Literature & Writing

Instructor(s):
Darlene Montonaro
Tuesdays, January 08-January 29|10 a.m.-noon

Showing up to write isn’t half the battle – it is the battle. This class will help you develop writing habits that will boost your confidence, help you find your "voice," and keep your writing process in motion.

Instructor(s):
Terry Meehan
Thursdays, January 17–March 7|10:30 a.m.-noon

Three of the top espionage writers of the mid-twentieth century were well acquainted with the secret world of spycraft. Both Ian Fleming and John le Carré were spooks for British Intelligence, while Len Deighton lived next door to Anna Wolkoff, a Nazi mole whose arrest he witnessed.

Instructor(s):
Linda Tuthill
Wednesdays, January 23-March 6|1–3 p.m

Creative nonfiction comes in many shapes and sizes and covers topics as varied as basketball and band practice. Class members respond to prompts and share writing with class members who listen closely and give constructive feedback.

Instructor(s):
Linda Tuthill
Thursdays, January 24-March 7|1–3 p.m.

Allen Ginsberg claimed "The only thing that can save the world is the reclaiming of the awareness of the world. That is what poetry does." 

Instructor(s):
Daniel Melnick, Lecturer in SAGES, Case Western Reserve University & Ben Sperry, Lecturer in SAGES, Case Western Reserve University
Thursdays, January 31-April 18|1:30-3:30 p.m.

From the Renaissance to the Modern: How Literature and Music Connect

January 31-March 7 | 1:30-3:30 p.m.

Lecturer: Daniel Melnick, Lecturer in SAGES, Case Western Reserve University

Instructor(s):
Thomas Yantek
Fridays, February 01–March 22|10:30 a.m.-noon

It is probably no exaggeration to refer to Homer’s epic work, The Odyssey, as the ur-story in Western literature: the opus from which, in one form or another, all subsequent literary work has sprung. Somewhat like Moby Dick, however, Homer’s tale may rank among the least-read classic works of all time (in its entirety, at any rate).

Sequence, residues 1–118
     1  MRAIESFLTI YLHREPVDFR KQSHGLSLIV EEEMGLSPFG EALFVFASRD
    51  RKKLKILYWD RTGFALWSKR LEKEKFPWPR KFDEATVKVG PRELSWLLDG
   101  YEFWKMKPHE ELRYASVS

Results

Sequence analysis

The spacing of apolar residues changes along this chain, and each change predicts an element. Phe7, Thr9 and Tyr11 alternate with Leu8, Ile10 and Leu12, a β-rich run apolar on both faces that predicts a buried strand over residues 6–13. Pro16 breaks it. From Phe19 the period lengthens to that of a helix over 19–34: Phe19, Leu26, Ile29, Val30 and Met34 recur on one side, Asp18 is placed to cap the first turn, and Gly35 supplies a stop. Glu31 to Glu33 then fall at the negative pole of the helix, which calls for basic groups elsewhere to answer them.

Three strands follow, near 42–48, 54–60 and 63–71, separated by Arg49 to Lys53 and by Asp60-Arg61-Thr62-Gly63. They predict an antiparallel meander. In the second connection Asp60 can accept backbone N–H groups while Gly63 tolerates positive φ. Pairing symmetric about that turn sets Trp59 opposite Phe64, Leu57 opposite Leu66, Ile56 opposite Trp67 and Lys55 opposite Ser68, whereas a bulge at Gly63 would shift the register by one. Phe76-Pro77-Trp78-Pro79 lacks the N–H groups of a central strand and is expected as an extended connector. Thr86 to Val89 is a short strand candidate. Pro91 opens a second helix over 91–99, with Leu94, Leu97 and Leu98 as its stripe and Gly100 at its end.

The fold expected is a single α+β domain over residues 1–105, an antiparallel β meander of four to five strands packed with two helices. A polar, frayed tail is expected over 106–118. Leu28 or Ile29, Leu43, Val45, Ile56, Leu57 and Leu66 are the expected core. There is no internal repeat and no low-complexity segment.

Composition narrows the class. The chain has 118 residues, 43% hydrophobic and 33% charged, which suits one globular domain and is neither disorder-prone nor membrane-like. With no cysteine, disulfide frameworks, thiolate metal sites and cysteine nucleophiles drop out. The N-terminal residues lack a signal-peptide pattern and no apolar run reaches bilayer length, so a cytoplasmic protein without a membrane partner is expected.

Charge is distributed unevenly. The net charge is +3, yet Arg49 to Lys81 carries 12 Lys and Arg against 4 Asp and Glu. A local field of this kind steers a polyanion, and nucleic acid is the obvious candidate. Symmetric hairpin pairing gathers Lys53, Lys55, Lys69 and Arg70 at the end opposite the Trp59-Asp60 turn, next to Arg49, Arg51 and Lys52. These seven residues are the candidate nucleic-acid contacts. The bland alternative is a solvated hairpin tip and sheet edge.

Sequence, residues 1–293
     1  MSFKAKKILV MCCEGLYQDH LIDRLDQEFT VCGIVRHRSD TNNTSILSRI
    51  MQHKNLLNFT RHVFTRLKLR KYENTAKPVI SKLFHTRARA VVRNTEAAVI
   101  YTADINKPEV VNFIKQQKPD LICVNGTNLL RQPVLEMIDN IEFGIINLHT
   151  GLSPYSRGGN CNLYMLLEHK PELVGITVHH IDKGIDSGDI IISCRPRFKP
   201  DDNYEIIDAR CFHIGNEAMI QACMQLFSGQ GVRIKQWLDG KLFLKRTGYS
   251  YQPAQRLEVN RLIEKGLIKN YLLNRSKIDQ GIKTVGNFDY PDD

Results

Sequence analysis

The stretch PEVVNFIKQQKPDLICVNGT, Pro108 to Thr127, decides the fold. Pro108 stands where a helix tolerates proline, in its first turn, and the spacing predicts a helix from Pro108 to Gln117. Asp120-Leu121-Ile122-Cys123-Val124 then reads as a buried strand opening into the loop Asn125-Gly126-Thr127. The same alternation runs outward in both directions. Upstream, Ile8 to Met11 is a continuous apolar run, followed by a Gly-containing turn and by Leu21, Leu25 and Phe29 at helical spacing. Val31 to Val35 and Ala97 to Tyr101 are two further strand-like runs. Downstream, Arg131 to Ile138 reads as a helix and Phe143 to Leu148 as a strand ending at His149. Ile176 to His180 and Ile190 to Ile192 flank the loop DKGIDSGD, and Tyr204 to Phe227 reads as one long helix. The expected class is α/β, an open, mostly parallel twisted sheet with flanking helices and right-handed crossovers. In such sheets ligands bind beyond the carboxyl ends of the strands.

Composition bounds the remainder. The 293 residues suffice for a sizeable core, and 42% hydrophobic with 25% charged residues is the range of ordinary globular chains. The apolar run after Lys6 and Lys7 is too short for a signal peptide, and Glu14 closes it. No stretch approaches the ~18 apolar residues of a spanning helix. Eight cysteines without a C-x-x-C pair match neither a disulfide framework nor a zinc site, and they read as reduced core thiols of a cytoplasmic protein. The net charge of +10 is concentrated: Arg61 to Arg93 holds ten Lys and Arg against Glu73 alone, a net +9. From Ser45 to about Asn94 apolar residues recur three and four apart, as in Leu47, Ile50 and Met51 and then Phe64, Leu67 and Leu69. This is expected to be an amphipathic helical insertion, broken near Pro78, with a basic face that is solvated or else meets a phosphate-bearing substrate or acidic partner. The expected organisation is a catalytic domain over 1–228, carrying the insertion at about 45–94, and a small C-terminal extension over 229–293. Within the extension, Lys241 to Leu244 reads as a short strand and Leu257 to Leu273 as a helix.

Instructor(s):
Lee Chilcote
Fridays, February 01-February 22|10 a.m.-noon

Learn the fundamentals of writing personal essays, including turning memories into stories, establishing yourself as a character, and using tools like scene and dialogue to make your writing more compelling, and establishing your own truth.

Instructor(s):
Charlene Mileti
Tuesdays, February 05-26|2-3:30 p.m.

This four-part discussion focuses on the award-winning book: Citizen: An American Lyric, by Claudia Rankine. Through her poetic narrative, Ms. Rankine invites and entreats the reader to consider life through her personal and objective experience of being black in America. The grave truths beautifully laid bare by Ms.

Instructor(s):
Linda Tuthill
Tuesdays, April 23-May 28|1-3 p.m.

Class members write memoir, essays or other forms of nonfiction and bring work to share with the group. Careful listening and response to pieces read in class.

Instructor(s):
Linda Tuthill
Wednesdays, April 24-May 29|1-3 p.m.

Class members write memoir, essays or other forms of nonfiction and bring work to share with the group. Careful listening and response to pieces read in class.

Instructor(s):
Linda Tuthill
Thursdays, April 25-May 30|1-3 p.m.

The poet Naomi Shihab Nye begins a poem with these words: “Before you know what kindness really is / you must lose things.” Poetry is a way to share both depths and heights. Bring 15 copies of a poem you have written to the first class.

Instructor(s):
Carol Salus
Mondays, April 29–May 20|1-2:30 p.m.

Depicting the Holocaust and narrating the events around it raise difficult moral and philosophical conundrums. Yet, artists, photographers and architects have not shied away from the challenge.

Instructor(s):
Anthony Wexler
Wednesdays, May 08-May 29|10-11:30 a.m.

This seminar considers the work of two of America’s most celebrated Jewish literary figures, who represent very different strands of American Jewish writing. Philip Roth’s assimilated characters seem cut off from the wellspring of Jewish identity, and even actively rebel against the tradition.